Neither are the souls of the pious dead separated from the Church which even now is the kingdom of Christ. Otherwise there would be no remembrance of them at the altar of God in the communication of the Body of Christ. -- Saint Augustine of Hippo from “The City of God

Monday, November 11, 2013

Saint Martin of Tours

"The Charity of St. Martin" -- by Louis Anselme Longa
"The Charity of St. Martin" -- by Louis Anselme Longa

Saint Martin of Tours (also known as Martin the Merciful; The Glory of Gaul) was born around 316 A.D. at Upper Pannonia (in modern Hungary) of pagan parents. His father was a Roman military officer and tribune.

Saint Martin was raised in Pavia, Italy. He discovered Christianity, and became a catechumen in his early teens. He was baptized into the Church at the age of 18.

He joined the Roman imperial army at the age of 15, serving in a ceremonial unit that acted as the emperor's bodyguard, and was rarely exposed to combat. He became a cavalry officer, and was assigned to garrison duty in Gaul (modern France).

Once, while on horseback in Amiens in Gaul , he encountered a beggar. Having nothing to give but the clothes on his back, he cut his officer's cloak in half, and gave it to the beggar. He later had a vision of Christ wearing the cloak.

Just before a battle, Martin announced that he was Christian, and that his faith prohibited him from fighting. This resulted in his being charged with cowardice, he was jailed, and his superiors planned to put him in the front of the battle. The invaders sued for peace, the battle never occurred, and Martin was released from military service at Worms.

After he was released he journeyed to Poitiers to labor under Saint Hilary, Bishop of Poitiers. There he organized a community of monks, erected the monastery of Liguge, and in 371 became Bishop of Tours. He later founded the monastery of Marmoutier and resided there. He was an opponent of Arianism.

After a last visit to Rome, Martin went to Candes, one of the religious centers created by him in his diocese, where he died in 397. By his request, he was buried in the Cemetery of the Poor on 11 November 397 and his relics rested in the basilica of Tours until 1562 when the cathedral and the saints relics were destroyed by militant Protestants.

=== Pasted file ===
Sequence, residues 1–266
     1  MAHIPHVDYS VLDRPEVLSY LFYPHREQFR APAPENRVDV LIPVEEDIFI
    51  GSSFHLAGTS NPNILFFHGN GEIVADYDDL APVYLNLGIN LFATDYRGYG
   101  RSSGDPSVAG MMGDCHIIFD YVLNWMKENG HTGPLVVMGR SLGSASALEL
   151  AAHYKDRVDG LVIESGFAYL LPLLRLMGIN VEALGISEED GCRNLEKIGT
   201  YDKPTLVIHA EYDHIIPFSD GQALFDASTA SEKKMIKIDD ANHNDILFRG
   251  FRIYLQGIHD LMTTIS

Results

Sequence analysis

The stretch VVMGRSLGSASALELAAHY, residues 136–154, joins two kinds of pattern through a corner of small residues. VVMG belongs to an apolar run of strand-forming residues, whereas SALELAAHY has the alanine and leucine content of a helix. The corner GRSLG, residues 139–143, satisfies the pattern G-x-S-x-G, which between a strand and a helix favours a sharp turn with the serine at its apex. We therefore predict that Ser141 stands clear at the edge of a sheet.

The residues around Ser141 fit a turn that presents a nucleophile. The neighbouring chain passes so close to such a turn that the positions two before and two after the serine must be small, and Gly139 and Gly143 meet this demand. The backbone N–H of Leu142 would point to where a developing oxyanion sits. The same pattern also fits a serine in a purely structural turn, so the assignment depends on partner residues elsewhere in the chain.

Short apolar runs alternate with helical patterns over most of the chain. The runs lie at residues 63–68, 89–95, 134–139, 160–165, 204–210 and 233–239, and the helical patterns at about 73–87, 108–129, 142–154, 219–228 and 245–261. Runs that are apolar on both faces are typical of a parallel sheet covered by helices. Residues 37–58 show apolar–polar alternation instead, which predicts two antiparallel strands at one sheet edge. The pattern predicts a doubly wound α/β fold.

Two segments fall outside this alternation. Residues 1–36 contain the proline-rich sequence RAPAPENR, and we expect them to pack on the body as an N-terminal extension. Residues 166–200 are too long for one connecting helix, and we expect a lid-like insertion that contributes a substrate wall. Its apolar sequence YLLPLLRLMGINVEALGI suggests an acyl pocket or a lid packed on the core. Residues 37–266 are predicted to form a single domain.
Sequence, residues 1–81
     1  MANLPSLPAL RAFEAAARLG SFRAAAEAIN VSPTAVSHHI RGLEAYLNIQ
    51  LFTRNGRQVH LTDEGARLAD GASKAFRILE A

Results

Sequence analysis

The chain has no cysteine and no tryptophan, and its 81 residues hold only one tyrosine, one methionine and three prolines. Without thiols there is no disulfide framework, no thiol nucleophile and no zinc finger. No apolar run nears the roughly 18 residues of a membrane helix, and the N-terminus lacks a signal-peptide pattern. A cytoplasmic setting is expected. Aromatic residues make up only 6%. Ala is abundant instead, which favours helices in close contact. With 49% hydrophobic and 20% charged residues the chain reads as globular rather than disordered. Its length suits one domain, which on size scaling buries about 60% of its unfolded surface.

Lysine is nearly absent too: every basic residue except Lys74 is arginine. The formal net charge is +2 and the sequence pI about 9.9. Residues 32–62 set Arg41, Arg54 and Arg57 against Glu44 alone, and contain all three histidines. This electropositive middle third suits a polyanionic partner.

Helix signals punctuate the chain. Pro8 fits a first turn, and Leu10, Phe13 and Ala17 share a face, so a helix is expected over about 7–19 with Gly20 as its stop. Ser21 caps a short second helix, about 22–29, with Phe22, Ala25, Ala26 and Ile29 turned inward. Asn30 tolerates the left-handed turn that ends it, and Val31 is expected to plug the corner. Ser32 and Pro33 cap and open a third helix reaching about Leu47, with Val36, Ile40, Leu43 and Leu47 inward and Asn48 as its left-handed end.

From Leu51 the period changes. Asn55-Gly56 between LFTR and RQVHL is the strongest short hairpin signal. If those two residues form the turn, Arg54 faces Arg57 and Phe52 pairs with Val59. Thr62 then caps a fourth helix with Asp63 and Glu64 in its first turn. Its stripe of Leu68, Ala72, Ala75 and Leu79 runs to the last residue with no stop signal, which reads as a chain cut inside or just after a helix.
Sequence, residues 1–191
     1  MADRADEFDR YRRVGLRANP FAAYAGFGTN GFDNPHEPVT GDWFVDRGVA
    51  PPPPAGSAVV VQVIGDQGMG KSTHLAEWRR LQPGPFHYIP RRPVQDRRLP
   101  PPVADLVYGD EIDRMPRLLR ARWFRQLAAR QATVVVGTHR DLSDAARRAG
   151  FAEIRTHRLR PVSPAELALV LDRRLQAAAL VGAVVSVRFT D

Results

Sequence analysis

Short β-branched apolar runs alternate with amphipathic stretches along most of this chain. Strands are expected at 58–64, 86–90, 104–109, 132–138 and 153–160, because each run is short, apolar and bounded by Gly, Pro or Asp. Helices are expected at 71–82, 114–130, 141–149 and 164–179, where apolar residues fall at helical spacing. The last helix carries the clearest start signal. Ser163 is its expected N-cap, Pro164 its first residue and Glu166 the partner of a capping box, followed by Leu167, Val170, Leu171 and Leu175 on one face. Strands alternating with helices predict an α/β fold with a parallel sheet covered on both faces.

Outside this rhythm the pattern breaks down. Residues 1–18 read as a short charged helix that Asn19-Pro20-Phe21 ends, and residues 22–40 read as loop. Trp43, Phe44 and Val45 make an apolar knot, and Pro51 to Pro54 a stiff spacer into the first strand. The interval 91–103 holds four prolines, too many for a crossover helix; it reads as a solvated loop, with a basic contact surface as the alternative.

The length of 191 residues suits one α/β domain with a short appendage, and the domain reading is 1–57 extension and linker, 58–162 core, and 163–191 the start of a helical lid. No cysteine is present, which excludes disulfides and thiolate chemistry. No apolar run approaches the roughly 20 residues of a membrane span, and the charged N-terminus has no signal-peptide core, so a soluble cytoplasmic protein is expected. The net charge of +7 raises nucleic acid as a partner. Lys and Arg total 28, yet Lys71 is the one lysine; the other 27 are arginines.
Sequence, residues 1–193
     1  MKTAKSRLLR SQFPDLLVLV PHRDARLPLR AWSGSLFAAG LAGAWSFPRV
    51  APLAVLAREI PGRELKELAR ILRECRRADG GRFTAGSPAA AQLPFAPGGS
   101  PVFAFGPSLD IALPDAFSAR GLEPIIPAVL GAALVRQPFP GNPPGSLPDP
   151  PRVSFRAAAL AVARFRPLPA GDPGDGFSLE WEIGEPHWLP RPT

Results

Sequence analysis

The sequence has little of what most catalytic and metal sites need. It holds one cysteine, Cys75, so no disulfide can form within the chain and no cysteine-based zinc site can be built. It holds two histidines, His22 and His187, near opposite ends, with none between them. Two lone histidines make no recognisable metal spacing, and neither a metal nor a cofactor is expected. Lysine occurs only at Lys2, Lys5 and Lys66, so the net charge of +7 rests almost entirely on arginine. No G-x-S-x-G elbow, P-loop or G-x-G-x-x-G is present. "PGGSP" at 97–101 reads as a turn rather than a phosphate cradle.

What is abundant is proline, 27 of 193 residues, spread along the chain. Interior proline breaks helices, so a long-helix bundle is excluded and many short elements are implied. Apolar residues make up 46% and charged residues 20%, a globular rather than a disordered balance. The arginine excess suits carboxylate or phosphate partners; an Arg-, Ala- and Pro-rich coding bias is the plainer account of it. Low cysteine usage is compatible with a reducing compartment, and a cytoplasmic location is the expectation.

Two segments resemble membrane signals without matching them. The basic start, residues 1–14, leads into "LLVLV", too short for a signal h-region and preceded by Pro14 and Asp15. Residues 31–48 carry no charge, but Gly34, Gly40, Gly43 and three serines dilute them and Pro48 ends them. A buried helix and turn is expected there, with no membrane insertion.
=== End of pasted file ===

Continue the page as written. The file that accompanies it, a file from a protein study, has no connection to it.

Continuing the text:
Some fragments of his tomb were found during construction excavation in 1860.

An extensive biography of Martin was written by Saint Sulpicius Severus. Martin of Tours was the first non-martyr to receive the cultus of a saint.

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Below is an excerpt from a letter by Saint Sulpicius Severus on Saint Martin of Tours:

Martin knew long in advance the time of his death and he told his brethren that it was near. Meanwhile, he found himself obliged to make a visitation of the parish of Candes. The clergy of that church were quarreling, and he wished to reconcile them.

Although he knew that his days on earth were few, he did not refuse to undertake the journey for such a purpose, for he believed that he would bring his virtuous life to a good end if by his efforts peace was restored in the church.

He spent some time in Candes, or rather in its church, where he stayed. Peace was restored, and he was planning to return to his monastery when suddenly he began to lose his strength. He summoned his brethren and told them he was dying. All who heard this were overcome with grief. In their sorrow they cried to him with one voice: “Father, why are you deserting us? Who will care for us when you are gone? Savage wolves will attack your flock, and who will save us from their bite when our shepherd is struck down? We know you long to be with Christ, but your reward is certain and will not be any less for being delayed. You will do better to show pity for us, rather than forsake us.”

Thereupon he broke into tears, for he was a man in whom the compassion of our Lord was continually revealed. Turning to our Lord, he made this reply to their pleading: “Lord, if your people still need me, I am ready for the task; your will be done.”

Here was a man words cannot describe. Death could not defeat him nor toil dismay him. He was quite without a preference of his own; he neither feared to die nor refused to live. With eyes and hands always raised to heaven he never withdrew his unconquered spirit from prayer. It happened that some priests who had gathered at his bedside suggested that he should give his poor body some relief by lying on his other side. He answered: “Allow me, brothers, to look toward heaven rather than at the earth, so that my spirit may set on the right course when the time comes for me to go on my journey to the Lord.”

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